but damage done over time.
Causes:
    Repeated twisting
    Awkward postures
    Heavy lifting
    Prolonged vibration
   CUMULATIVE TRAUMA
Once back pain is experienced, the chances
 of it recurring increase greatly.
Back injuries from slips, trips, and falls can
 sometimes be prevented by good
 housekeeping. Proper storage of material
 and regular cleanup of debris can improve
 access not only for workers, but for materials
 handing equipment.
To reduce back injuries on the job, a
 preventive program is necessary. An
 effective program should cover factors such
 as anatomy, work place posture, lifting
 techniques, ergonomics, and exercises.
Ramazzini in 1700’s wrote:
   Manifold is the harvest of diseases reaped by
    craftsman... As the...cause I assign certain
    violent and irregular motions and unnatural
    postures... by which... the natural structure of
    the living machine is so impaired that serious
    diseases gradually develop. (Tichauer, 1978)
ANATOMY
   SPINAL COLUMN AND
        MUSCLES
Made up of bones called vertebrae
Divided into five areas:
    Cervical (neck)
    Thoracic (upper back)
    Lumbar (lower back)
    Sacrum
    Coccyx
The spine provides protection to the spinal
 cord
The spinal cord has nerves that branch off
 and send messages to various parts of the
 body as well as bring back information on
 conditions throughout the body
 VERTEBRAE AND DISCS
 Vertebrae     are the bones that make up the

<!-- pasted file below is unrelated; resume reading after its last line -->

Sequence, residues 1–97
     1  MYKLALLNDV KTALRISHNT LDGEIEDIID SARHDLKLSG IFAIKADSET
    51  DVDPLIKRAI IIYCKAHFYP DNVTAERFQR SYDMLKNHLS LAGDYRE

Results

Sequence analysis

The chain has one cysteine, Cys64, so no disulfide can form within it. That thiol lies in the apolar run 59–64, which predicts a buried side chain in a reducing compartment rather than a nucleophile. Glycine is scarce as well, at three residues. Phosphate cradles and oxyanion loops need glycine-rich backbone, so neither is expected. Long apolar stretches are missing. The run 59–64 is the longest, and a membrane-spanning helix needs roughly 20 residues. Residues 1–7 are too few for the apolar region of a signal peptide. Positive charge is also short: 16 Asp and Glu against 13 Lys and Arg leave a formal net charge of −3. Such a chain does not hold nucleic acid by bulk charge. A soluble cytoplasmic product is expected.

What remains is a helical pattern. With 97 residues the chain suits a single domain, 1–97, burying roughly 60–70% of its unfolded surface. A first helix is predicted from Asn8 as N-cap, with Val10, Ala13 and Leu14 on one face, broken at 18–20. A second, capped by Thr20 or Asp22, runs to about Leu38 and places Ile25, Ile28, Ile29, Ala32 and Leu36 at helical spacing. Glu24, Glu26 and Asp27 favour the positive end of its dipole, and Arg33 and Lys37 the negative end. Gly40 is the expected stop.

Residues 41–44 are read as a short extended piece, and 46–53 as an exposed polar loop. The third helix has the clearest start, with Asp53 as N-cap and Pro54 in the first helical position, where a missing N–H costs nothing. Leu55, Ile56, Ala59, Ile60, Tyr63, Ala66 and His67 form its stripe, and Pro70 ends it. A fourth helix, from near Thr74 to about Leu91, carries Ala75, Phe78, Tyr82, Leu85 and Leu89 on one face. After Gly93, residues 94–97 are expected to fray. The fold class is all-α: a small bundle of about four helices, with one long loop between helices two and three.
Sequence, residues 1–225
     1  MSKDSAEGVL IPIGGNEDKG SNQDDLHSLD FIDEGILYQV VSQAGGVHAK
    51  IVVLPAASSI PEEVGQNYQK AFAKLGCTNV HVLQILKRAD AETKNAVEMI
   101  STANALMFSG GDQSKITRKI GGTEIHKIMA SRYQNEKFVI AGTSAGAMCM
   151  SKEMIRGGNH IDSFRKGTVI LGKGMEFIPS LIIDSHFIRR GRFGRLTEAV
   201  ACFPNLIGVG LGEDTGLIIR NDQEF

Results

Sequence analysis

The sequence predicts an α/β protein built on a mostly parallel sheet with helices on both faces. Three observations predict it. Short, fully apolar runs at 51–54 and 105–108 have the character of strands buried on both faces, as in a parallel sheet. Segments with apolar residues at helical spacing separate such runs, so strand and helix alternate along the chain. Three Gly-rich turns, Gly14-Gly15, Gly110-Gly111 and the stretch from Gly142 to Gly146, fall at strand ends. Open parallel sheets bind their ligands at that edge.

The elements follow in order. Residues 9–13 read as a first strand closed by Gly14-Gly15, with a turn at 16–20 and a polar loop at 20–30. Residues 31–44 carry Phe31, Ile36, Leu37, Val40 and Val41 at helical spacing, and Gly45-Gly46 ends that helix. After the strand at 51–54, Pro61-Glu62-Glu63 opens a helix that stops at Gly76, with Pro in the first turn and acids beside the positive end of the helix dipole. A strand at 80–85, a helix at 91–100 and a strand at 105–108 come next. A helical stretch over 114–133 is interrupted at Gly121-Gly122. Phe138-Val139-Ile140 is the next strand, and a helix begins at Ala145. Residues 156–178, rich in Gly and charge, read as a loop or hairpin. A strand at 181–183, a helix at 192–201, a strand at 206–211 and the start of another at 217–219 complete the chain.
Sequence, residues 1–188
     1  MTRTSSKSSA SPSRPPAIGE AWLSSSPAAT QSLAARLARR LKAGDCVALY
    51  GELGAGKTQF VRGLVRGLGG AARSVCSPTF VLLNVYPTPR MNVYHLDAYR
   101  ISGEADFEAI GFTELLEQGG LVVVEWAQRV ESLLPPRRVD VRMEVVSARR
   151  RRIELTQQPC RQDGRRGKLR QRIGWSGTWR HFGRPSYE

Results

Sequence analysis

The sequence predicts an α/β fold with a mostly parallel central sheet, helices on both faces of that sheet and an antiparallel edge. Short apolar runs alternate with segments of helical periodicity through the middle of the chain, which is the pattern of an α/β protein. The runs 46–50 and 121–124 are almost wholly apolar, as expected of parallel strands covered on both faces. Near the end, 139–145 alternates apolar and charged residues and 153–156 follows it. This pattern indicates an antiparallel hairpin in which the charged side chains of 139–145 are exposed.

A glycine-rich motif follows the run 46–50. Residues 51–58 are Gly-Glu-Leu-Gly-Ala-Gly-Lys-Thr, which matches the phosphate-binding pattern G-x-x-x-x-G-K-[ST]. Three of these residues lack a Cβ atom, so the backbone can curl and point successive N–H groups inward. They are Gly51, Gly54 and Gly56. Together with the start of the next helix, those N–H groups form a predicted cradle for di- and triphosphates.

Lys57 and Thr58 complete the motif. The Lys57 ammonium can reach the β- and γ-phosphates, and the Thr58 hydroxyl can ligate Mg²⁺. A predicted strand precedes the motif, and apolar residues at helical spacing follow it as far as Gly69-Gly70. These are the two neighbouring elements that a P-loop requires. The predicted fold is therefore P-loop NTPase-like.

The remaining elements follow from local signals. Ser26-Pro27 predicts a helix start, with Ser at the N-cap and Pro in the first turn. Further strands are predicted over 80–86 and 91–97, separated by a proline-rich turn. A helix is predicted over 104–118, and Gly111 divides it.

spine.
    Provide support
    Offer protection

 Intervertebral     Discs are made up of two parts.
    Outer part (fibrous ring)
    Inner part (soft, gel-like center)

 The  discs are firmly attached to vertebrae, so
  cannot “slip.”
 If outer fibrous ring gets damaged, part of the
  gel part can start protruding out, called a disc
  protrusion or herniation.
VERTEBRAE AND DISCS
80-85% of people over 30 have protruded or
 herniated discs. However, the majority do not
 have pain. Why?
Many theories exist, but the most widely
 accepted is that pain is felt when a
 protrusion or herniation occurs at the point
 where the nerve exits the spinal column.
Age has an effect.
    Degenerative disc disease
    May cause flattening and hardening of discs and wears
     on the facet joints
  SPINAL DISCS UNDER
        LOADS
Discs are continually being compressed by
 the effects of gravity.
   our upper body
   loads we might be carrying

Discs may become damaged when:
   carrying uneven loads (compression) or
   twisting combined with carrying (torsion)
      SPINAL MUSCLES
Movement controlled by muscles
 contracting and relaxing.
Rope-like ligaments join bone ends to
 support and strengthen joints and prevent
 abnormal movements
Interwoven sheath of muscle and ligaments
 across abdomen and lower back provide
 support. For this reason, it is important to
 keep them in good condition.
 WORKPLACE POSTURE
Dynamic vs. static
Back muscles vs. stomach muscles
   back--short, small very strong
   stomach--large, broad
   when imbalance occurs, back muscles can become
    overloaded.
   thus, important to maintain health and good posture by
    using stomach muscles.
   Unbalanced pelvis
   stomach protruded
   pelvis tilted down
   back curve increases
   stresses lower back
   makes back vulnerable to injury
   tightening stomach muscles will straighten pelvis, lowing
    spine
     CORRECT POSTURE
 Natural alignment, follows natural curves.
 Lordosis (sway back)
    inward curve
        neck
        low back
    outward curve (kyphosis) in upper back
    jams vertebrae together
    causes lower back muscles and ligaments to tighten and leads
     to low back pain
 Kyphosis (flat back)
    puts extra pressure on front of discs
    may contribute to low back pain